As promised, here are my samples of Corkscrew Weave. Or are they?
This is the first time I encountered a weave where the definition differed from author to author; it happens with weaving, I've known this, but it was still unsettling.
I consulted Strickler's 8-shaft book first, then Oelsner (always a big mistake for me), and Bartlett's Shadow Weave and Corkscrew Twills. After becoming throughly confused, I consulted with Rose Pelvin of Blenheim, and I went back to Strickler and summed up these elements/requirements for Corkscrew:
* Twill threading: I went with 7-ends, (so I use my usual 14 shafts) and asymmetrical undulating for interest, (which is a result of Problem 2 below);
* Batavia, in 2-2-3-3-1-1-1-1 to create long floats as well as stitched parts;
* Woven as drawn in, for simplicity; forgetting that my picks are often more packed than the sett might have contributed a little to the Problem 1 below.
I designed the drafts so I needed only one color in the warp and another in the weft; when measuring the warp, I promptly forgot this. So while sampling, I tried using warm colors that may diffuse the different values of the two blues in the warp. In the end, I chose the darker, third blue of the same constitution, 100% merino, because of the familiar texture and finish, to submit to the sample exchange.
The colors in the drafts below appear reversed; I used white wefts in the drafts so the designs show up clearly, but I wove with a blue weft darker in value than the two in the warp in the samples. And drafts, by nature, appear upside down against the sampled fabric.
This is the first draft I created. Maximum float is 7 ends, and after sampling, I discovered Problem 1: the woven shapes are not in the near-uniform width as they appear to be in the draft; I've check the threading several times, but my eyes glazed over, so I haven't located the mistake; the slaying was uniform. And this is why, although I've finished weaving these several weeks ago, I haven't sent them to the members of my group yet! Ouch.
The sample on the left is woven in dark blue; the one on the right with an orange wool with value close to the darker blue in the warp, and shows the reverse side of the textile.
Below is the second draft, and here's a trick I most likely picked up from Bonnie Inouye: the two drafts are identical, except the direction of the tie-up; maximum float in this case is 5 ends.
Again, the left is woven with dark blue weft, showing the A side; the right is woven in a very wiry yellow wool, and shows the B side.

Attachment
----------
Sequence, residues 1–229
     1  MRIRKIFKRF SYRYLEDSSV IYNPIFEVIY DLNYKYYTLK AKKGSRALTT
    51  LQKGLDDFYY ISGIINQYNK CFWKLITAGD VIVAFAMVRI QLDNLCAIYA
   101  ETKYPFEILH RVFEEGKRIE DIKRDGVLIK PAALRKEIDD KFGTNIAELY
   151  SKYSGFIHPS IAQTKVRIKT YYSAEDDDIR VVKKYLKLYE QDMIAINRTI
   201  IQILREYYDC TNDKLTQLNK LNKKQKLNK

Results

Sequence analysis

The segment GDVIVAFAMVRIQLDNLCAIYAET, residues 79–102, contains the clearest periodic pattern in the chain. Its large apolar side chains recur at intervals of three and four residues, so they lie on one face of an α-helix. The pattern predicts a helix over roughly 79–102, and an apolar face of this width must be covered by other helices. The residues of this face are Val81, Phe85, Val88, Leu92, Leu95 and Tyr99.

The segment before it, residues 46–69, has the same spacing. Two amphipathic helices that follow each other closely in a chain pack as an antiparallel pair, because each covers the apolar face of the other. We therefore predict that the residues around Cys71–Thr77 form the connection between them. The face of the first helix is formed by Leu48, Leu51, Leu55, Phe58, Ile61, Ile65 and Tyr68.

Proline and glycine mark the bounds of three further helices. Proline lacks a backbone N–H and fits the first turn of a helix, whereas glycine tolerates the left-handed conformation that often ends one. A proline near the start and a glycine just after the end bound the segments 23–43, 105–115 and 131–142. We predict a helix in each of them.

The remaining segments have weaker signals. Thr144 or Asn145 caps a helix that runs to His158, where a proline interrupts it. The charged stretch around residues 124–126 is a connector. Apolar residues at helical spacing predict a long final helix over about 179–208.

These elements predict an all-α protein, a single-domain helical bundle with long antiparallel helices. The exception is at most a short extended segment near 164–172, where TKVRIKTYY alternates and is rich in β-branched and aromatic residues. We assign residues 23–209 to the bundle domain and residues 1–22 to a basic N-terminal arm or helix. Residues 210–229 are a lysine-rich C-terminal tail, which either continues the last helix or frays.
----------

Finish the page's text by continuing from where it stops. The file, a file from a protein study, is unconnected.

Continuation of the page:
On paper, I like them both equally, but I preferred the clarity of the first draft in the samples for the purposes of the exchange. And here comes the funny bit.
I spent a few hours reviewing the books and making notes and discovered Problem 2; I am suddenly not sure if these are in fact corkscrew weaves at all.
My draft used Shafts 1, 3, 5, 7, 9, 11, and 13 for the first set of twills, using Shaft 1 as the first shaft. Second set of twills used Shafts 2, 4, 6, 8, 10, 12, and 14, using Shaft 8 as the first shaft.
For those who are interested, most examples show, I now realize, the use of all shafts for all sets of twills, meaning, on an 8-shaft loom, we intertwine 8-end twills, instead of reserving specific shafts for a specific set of twills. However, if you look at p. 68 of Strickler, weaver Kathleen Bradford reserved Shafts 1-3 for the first set of twill, and 4-8 for the second set. And there lies the seed of my confusion. And if you don't get it, don't worry, I'm not 100% sure how to fix it, either.
At any rate, after consulting with Rose Pelvin for the @#$%th time, I decided these samples will be sent as they are. Whatever the name or the nature of this particular way of combining twills that I've just experimented, I do see some design possibilities; in particular, I see some shape-related designs with comparatively short floats and, therefore, structural stability. With this second draft, I even see some warpwise Randying possibilities.
I'm trying to tell myself I'm a genius rather than a total looser just now. You have to excuse me while I go away and laugh hysterically.